The modules shown here represent the state of the package as it was in 1994. Since then a number of modules have undergone changes, and one major change, which affects the way a number of modules work, is the introduction of a system for choosing people, which supports multi-ethnic groups.
If you want further information about the package as it currently is, drop me an email to the following address: email@example.com
This module presents the child with a picture of a boy and a girl from which they can select their gender. The child is then prompted to enter their name and age. the gender information is used to set the gender of the material presented in other sections of the package. The answers to these questions can be verified with known information about the child.
In this module a view of an individual of the same gender as the child is presented. The child may select an expression from a palette of seven emotional expressions, and talk about them. This allows the interviewer to discover if the child understands the emotions represented in the palette, and to ask the child to think about events that may have a specific emotional aspect. It is designed to be used in whatever way the interviewer thinks is appropriate, and information gleaned from its use can be used to tailor the way in which the interviewer presents the other modules - for example information about the child's use of language.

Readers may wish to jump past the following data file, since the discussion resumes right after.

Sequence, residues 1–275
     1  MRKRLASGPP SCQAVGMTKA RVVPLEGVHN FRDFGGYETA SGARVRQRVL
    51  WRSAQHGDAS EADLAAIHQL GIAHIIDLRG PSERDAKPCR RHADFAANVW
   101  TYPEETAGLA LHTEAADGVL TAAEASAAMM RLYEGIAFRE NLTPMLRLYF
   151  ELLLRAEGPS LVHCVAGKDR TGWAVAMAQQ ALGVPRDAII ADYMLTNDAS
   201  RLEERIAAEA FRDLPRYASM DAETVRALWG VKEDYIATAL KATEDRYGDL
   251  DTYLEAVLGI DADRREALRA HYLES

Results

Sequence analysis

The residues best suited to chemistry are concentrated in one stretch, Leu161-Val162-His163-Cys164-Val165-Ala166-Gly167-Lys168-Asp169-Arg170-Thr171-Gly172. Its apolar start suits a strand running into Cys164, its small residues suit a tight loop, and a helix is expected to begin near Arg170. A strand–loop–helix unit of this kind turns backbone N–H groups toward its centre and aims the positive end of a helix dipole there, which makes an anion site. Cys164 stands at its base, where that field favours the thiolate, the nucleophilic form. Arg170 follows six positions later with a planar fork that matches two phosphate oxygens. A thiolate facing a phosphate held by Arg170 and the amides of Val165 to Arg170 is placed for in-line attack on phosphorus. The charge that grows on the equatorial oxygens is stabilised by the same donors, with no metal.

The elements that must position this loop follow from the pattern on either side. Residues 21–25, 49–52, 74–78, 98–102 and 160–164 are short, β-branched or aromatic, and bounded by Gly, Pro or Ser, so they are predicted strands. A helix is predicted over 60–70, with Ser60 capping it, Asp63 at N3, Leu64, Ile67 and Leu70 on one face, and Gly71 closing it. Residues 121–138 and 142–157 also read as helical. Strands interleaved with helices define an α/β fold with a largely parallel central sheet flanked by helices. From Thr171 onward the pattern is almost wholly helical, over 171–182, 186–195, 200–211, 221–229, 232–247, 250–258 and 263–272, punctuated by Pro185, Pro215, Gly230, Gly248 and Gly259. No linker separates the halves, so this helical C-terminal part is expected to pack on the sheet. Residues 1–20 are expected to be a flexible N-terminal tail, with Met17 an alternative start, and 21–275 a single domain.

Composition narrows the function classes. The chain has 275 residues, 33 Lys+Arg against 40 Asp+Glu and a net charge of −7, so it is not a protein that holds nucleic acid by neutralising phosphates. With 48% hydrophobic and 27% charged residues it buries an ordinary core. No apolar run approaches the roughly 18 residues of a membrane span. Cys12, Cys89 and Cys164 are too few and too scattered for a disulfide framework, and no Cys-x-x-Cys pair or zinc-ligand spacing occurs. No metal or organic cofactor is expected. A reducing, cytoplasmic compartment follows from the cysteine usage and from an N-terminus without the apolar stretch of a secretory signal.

Similar to emotions I except, by default, eleven different scenes are presented featuring an individual of the same gender as the child. The child chooses an expression from the palette that they believe is appropriate to the scene in question. The standard set of scenes allow the interviewer to explore the child's understanding of the emotions represented in the emotional palette. This module can be used with a set of alternative scenes, selected by the interviewer from a collection of many different scenes, with specific features.
Used to select a building or place from a range of alternatives. The information gathered by this module about locations is likely to be verifiable, and can be used as an indicator that the child is using the package reliably. This module can be used to permit the child to choose a building to represent any place that the interviewer wishes them to talk about.
Permits the selection of one or more individuals (usually associated with a place). This is used initially to get the child to describe the people who live in their primary residence. By populating a location the child can be asked questions about how they feel with individuals when they are in certain locations.
After individuals have been placed in a location, it is necessary to discover if the child has included themselves among the group. This information is used to prevent the picture representing the child from showing up in other modules where there is another representation of the child, and it would be confusing for both representations to present at the same time.
For each of the seven emotional expressions in the palette, the child is able to select people that they have felt that emotion with. The people that the child chooses are ones who they have previously associated with a place in the buildings module.
Allows the marking of pain sites on pictures of the front and back views of a child. Pain sites may then have a shape, size and "throb" associated with them.
A "work-in-progress" module presenting a tool which allows the selection of a number of objects which may be positioned in a "room".